After such hospitality, it would have felt churlish not to have bought something (he knows what he’s doing!) so I went for some prickly pear jam, hazelnut honey and a bottle of the famous myrtle-berry (myrto) liqueur, the latter costing €21.

I coveted his Limoncello di Pompia (made from very special lemons) but at €44 a bottle I couldn’t quite bring myself to fork out for it. I later picked up a bottle at the airport for much less and was glad I did as it’s amazing (A).

Camera3 054

I was also fascinated by some of the local pastas; Lorighittas (twisted loops) and Su Filendeu (fibrous sheets) which are made by only a couple of remaining producers and retail at a hefty €25 for 500g. Everything is handmade however so the steep prices are probably justified.

Camera3 053

Peter threw in a free pack of Pane Guttiau (a version of Pane Carasau, the famous shepherd’s flatbread, but with the additions of olive oil and salt) as a sweetener before I said goodbye.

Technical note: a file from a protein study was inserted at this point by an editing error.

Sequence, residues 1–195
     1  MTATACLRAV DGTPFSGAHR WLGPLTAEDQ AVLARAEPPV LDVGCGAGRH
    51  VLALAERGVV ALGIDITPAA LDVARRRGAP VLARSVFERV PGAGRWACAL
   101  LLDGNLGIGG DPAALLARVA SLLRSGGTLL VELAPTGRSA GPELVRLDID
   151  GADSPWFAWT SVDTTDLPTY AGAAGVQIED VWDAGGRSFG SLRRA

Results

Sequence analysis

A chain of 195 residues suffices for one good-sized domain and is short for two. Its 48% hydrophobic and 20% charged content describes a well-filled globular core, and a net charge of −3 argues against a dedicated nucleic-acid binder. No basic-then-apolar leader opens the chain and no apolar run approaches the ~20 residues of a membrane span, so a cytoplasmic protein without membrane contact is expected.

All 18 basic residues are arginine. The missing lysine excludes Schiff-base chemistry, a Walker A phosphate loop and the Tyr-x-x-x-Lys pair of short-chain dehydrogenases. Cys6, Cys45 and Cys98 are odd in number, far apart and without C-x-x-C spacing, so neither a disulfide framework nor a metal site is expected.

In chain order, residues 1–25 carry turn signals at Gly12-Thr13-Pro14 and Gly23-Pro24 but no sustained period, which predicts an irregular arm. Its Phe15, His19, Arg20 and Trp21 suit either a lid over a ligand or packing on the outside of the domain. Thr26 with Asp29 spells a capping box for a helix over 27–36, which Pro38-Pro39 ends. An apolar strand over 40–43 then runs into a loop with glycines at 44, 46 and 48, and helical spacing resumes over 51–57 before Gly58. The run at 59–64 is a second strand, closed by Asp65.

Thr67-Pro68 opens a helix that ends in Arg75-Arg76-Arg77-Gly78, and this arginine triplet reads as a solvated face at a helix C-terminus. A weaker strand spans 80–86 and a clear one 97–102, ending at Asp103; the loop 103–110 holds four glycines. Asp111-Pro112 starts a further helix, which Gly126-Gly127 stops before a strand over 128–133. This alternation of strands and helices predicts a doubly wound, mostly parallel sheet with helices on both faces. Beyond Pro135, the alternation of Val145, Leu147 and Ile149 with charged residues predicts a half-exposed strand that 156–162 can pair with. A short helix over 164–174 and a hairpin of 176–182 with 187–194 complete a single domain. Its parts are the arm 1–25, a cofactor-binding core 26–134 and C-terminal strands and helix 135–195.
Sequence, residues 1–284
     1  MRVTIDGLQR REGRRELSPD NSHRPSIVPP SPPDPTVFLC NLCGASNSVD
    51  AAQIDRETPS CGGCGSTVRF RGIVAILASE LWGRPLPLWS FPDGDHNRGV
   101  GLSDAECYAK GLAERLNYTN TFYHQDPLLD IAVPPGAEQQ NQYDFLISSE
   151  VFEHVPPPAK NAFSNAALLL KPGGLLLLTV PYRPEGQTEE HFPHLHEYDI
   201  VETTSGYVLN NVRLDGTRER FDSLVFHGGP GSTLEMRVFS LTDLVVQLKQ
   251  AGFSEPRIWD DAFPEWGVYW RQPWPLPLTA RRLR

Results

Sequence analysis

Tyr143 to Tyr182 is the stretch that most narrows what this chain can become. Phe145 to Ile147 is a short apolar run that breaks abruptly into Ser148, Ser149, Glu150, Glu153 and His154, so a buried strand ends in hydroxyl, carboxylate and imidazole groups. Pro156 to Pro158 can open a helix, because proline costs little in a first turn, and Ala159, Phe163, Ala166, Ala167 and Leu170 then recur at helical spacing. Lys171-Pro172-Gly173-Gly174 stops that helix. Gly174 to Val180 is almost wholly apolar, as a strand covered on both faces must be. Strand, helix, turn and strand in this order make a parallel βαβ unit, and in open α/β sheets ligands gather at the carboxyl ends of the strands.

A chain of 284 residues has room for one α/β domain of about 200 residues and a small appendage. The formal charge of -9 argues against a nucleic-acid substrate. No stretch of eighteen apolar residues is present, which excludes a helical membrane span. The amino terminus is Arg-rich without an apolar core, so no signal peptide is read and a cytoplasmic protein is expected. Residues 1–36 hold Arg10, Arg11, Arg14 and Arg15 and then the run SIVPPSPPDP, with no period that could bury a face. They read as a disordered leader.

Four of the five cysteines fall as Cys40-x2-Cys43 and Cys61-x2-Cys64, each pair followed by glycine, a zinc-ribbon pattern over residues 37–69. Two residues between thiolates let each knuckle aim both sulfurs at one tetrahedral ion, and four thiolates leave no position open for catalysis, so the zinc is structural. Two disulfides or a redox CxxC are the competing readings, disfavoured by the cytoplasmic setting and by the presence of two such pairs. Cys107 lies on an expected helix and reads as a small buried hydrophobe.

Camera3 051

On another occasion I found another small deli/wine-seller called Sensazioni di Sapori Sardi near the market (at 71 Via Regina Elena I think) and bought some Abbamele a kind of concentrated honey found only in Sardinia. A very special product indeed.

The market is near here on Via Dattori, but I was unable to get there when it was open.

Piazza Matteotti is the centre of the town but there isn’t anything to see there except a rather ugly modernist statue and fountain. A stroll or jog along the waterfront is a slightly more pleasant option.
Camera3 044

It was pretty quiet when I first went in December but I’m sure it livens up a lot in the summer. Indeed when I went the second time in June I happily coincided with a beer and sausage festival along Corso Umberto, the main street through town.

It seemed very popular with the locals, unlike these two policemen who foolishly decided to drive along the street while the festival was in full flow. The authorities aren’t well-liked at the best of times and I was glad I wasn’t in their shoes.

20150613_235502

In conclusion then there isn’t much to excite you about Olbia itself but it is an important jump off point for tourists to more interesting places nearby. And of course the food is good (see next post).

%d bloggers like this: